I am attending a workshop titled, “Navigating The Healthcare System”, put on by The Mary Pack Arthritis program in Vancouver British Columbia. It is located in a building that shares a treatment center for those living with the different forms of Arthritis, along with The Arthritis Society BC & Yukon branch. They offer several classes to help develop the crucial tools and skills that can last them a lifetime with this chronic illness. I speak from personal experience as I live with Rheumatoid Arthritis, Osteoarthritis and Fibromyalgia. I particularly like this teacher as he is a registered social worker, registered clinical counselor and also has osteoarthritis in his knees, so he gets it! To us patients, that is reassuring. He also works alongside my social worker who has been treating arthritis patients for 25 years.
An important thing to bring up about these classes is they are a crucial step into the process of accepting your illness. At them you can connect with professionals to help you and other patients, with as many worries and questions about what has just been dealt to them. It helps diminish the feelings of being alone when diagnosed with chronic illness. Engagement helps the information stick with the patients. Between the brain fog and the harsh reality of this disease, it’s important to make sure the information sticks with the patient and for them to share their story to others who will not judge them as it can be a way of accepting our illness.
It is so common, but often patients rarely get a referral to the proper programs they need for their form(s) of arthritis or battle with insurance companies over disability coverage they desperately need. Patients are often left confused, don’t know where to turn to nor who to trust in the big pharmaceutical world. Sometimes they can’t even trust their own doctor. People don’t understand Arthritis. Too young, not sick enough and patient concerns are not met because arthritis isn’t taken as serious as it needs to be. Patients often hear, even from health care professionals and especially society:
Just learn to live with it. It’s only Arthritis.
You’re just getting old, don’t worry about it, of course you are achy. Everyone get’s Arthritis.
You are too young for that. You look totally fine. Why are you here? Or the infamous, “But you don’t look sick?”
We want to be taken serious. We need to be taken serious for completely valid reasons. Your voice is important.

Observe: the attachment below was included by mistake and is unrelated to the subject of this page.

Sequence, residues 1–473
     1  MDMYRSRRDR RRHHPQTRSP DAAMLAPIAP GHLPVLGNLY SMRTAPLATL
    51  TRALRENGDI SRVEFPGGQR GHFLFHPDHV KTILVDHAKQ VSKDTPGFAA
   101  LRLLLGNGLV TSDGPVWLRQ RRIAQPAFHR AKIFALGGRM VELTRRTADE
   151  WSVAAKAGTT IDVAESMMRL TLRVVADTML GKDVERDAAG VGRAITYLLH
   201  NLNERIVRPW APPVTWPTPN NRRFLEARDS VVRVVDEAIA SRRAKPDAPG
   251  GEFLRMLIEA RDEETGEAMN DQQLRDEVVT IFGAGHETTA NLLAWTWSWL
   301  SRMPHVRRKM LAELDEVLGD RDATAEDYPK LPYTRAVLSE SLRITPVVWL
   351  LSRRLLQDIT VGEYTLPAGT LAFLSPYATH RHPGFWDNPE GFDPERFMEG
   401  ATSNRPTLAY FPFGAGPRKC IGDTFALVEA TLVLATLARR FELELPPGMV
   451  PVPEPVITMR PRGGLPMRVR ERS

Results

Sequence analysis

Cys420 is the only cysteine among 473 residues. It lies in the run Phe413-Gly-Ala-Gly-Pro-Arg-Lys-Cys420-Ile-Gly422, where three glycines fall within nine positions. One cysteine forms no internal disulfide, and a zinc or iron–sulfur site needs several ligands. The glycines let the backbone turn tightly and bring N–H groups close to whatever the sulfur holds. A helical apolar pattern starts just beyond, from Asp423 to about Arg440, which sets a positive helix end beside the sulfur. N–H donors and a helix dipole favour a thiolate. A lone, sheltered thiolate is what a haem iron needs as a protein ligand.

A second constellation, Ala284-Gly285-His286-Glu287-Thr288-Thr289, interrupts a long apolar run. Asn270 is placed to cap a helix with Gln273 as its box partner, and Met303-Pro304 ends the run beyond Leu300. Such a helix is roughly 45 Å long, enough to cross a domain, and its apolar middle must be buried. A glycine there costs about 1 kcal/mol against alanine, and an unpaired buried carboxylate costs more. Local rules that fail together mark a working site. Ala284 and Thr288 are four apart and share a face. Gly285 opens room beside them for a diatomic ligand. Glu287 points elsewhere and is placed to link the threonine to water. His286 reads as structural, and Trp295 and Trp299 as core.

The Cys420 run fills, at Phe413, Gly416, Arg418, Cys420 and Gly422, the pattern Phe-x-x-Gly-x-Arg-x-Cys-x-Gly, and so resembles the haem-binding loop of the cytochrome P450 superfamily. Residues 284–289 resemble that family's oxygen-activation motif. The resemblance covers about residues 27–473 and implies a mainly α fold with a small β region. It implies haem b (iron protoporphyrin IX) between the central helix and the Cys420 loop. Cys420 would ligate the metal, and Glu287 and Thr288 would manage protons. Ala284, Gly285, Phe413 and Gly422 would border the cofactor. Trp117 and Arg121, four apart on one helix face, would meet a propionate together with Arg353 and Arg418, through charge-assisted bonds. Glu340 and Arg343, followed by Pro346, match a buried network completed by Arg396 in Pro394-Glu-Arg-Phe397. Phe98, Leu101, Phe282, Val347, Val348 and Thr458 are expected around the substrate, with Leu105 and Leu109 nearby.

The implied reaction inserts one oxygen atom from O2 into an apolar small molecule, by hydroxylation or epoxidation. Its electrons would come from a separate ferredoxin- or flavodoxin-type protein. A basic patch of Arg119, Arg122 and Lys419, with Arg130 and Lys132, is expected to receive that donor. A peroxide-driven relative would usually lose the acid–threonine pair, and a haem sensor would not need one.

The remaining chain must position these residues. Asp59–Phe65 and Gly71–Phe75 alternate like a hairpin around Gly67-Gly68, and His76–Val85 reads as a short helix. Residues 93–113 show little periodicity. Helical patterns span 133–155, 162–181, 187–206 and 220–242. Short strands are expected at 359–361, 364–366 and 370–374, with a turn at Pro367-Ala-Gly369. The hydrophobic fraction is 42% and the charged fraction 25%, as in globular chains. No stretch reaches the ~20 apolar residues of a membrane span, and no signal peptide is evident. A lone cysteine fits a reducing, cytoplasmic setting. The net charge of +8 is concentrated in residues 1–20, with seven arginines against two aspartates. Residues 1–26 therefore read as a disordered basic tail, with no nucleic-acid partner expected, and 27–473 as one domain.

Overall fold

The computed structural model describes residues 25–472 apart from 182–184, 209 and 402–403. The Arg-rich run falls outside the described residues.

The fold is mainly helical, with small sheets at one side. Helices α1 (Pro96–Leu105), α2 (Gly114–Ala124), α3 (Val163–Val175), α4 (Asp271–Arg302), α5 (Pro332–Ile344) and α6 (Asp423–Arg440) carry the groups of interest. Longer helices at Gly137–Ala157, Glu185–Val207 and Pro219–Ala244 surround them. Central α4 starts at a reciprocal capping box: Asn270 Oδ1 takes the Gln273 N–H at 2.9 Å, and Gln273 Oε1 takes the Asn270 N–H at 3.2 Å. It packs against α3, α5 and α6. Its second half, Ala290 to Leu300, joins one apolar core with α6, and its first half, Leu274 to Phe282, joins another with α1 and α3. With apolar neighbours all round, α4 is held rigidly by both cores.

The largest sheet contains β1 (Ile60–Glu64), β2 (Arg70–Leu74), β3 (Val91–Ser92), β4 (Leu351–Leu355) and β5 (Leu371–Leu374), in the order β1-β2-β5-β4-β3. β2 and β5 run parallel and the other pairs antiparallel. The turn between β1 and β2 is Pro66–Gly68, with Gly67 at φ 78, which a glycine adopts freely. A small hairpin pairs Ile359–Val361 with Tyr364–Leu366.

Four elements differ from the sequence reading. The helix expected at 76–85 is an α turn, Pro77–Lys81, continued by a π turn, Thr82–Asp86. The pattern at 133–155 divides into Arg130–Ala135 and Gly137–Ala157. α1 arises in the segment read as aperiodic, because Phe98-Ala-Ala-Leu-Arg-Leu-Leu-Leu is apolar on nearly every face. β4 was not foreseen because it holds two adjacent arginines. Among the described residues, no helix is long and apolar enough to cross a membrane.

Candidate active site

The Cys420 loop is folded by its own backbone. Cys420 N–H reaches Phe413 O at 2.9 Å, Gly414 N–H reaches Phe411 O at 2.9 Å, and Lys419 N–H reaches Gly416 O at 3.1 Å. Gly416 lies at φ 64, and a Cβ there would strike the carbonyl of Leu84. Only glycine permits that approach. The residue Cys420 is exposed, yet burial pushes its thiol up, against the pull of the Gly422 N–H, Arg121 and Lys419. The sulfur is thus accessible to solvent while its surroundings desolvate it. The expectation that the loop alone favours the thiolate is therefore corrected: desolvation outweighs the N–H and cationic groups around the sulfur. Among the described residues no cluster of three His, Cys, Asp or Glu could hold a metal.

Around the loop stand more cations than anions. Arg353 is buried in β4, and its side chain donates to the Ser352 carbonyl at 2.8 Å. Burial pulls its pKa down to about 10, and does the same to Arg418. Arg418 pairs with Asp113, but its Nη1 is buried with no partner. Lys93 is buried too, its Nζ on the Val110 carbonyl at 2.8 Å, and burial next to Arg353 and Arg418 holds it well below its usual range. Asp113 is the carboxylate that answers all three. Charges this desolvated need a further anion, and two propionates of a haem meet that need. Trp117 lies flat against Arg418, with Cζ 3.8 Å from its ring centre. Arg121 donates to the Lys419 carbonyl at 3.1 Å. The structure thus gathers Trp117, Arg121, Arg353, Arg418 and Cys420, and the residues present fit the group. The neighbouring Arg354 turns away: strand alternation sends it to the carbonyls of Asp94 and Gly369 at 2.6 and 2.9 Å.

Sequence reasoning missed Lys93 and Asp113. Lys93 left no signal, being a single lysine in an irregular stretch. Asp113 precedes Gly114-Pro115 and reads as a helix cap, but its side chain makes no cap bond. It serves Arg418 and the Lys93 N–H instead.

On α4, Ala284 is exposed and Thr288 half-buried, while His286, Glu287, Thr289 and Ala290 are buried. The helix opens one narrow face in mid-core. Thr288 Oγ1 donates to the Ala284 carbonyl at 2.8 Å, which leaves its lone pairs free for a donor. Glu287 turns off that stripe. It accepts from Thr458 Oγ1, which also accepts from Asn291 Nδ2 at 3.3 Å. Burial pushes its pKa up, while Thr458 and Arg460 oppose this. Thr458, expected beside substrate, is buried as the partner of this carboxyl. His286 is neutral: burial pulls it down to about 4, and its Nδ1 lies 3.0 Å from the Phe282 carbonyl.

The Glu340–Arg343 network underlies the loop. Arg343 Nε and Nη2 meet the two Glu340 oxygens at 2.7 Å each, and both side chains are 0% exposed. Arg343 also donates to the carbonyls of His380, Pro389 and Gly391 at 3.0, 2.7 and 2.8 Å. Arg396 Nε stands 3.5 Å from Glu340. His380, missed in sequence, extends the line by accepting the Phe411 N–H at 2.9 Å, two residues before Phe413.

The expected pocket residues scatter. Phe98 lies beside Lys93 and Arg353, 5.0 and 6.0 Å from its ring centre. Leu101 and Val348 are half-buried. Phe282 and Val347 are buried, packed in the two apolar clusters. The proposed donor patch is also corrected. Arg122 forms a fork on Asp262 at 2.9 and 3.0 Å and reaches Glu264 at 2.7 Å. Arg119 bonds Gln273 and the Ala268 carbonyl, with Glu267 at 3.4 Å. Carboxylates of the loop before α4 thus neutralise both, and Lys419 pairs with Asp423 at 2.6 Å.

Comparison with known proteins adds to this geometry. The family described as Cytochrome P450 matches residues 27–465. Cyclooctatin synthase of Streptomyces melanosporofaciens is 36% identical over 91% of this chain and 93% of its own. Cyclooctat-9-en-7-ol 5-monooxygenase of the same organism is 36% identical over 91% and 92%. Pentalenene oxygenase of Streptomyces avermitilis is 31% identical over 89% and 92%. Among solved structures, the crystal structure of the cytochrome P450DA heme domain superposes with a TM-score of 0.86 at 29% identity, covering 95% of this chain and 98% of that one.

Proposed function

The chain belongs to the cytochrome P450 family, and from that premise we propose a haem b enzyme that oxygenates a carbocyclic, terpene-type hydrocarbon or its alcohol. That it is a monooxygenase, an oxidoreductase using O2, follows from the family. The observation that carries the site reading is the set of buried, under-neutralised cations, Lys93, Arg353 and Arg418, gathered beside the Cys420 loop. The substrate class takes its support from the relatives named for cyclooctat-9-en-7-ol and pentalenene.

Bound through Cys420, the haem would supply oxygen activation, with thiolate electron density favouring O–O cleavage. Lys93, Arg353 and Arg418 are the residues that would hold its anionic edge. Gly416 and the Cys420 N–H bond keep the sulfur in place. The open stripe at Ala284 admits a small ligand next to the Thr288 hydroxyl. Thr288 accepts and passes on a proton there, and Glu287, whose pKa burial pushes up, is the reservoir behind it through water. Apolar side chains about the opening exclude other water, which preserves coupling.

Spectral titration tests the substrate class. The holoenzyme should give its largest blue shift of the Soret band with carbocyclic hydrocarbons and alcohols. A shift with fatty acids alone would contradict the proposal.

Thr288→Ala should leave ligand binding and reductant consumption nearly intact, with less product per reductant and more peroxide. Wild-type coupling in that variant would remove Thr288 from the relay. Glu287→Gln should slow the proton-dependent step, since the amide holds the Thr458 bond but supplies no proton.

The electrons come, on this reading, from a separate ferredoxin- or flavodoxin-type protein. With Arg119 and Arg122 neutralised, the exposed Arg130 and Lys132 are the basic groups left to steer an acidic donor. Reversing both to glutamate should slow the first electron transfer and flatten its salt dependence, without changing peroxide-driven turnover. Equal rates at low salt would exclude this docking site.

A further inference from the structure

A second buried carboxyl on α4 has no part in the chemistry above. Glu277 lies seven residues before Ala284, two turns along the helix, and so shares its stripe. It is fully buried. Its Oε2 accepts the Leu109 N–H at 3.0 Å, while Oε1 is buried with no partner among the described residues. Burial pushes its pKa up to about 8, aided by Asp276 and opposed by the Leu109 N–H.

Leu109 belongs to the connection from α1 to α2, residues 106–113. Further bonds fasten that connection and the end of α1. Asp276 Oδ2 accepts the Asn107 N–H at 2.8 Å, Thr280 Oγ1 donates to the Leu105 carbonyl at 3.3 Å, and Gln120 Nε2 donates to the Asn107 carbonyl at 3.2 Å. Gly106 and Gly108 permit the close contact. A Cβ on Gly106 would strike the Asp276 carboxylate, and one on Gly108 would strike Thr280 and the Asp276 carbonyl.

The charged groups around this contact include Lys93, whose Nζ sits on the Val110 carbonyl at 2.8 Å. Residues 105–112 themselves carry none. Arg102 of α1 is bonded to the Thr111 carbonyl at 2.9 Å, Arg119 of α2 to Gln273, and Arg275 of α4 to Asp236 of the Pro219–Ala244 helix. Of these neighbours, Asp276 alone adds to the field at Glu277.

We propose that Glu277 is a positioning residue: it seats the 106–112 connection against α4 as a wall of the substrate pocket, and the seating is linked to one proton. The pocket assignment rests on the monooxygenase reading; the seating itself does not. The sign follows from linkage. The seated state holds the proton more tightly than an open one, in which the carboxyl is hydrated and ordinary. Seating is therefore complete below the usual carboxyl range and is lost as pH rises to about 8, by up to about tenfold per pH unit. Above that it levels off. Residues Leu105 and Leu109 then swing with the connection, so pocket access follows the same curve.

Can your physician meet your needs?
In Canada, especially BC, there is a severe lack of Rheumatologists which creates a backlog in the system, effecting it in numerous ways, like being able to choose a good doctor for your own specific needs. Remote locations have less access to proper healthcare . Do you feel you doctor takes time to meet with you or do you feel rushed? There are 85 Rheumatologists to over 7,000 Rheumatoid Arthritis patients in my province alone with fewer than 270 Rheumatologists in Canada and approximately 6 million Canadians with a form of Arthritis. Canada is still envied around the world as having an excellent healthcare system, but of course not without it’s problems.
Are you able to open communication with them and ask appropriate questions? Can you ask them in depth questions and receive in depth answers? What is their degree of specialization and does it match your specific needs while keeping in mind every case is different. Make sure you are honest and thorough with your health, evading the truth isn’t going to help. Don’t hide things, keep it real. If you are in pain and still in pain, be real and tell them. Don’t be afraid to challenge or raise your concerns about the treatment plan.
It is incredibly important to remember the way chronic pain from arthritis affects a patient. The brain is a powerful organ which can be targeted by some forms – anxiety and depression can be a severe symptom and side effect from medications. How much emotional display do you desire from your doctor? Are they willing to refer you to help? Do you feel comfortable enough to ask them for help?
It is ok to breakdown in front of your doctor. I have, in fact, I even made my own doctor tear up showing her the beginning steps of my advocacy on Breakfast television promoting the Walk for Arthritis. They are human too! I knew she was a good doctor for me when she lobbied for the proper treatment of biologics and long term disability, respecting me as a young single mother just diagnosed with Rheumatoid Arthritis. I could only imagine how that felt for her as a mother herself. She’s met my son many times, always assured me it was ok he was tagging long with me, I had no other help. That to me is respect and a good doctor. She resonated with me. It’s ok to bring a support person with you, especially if they can take notes. Unfortunately my son is only five, my arthritic hands still write better than him a this point.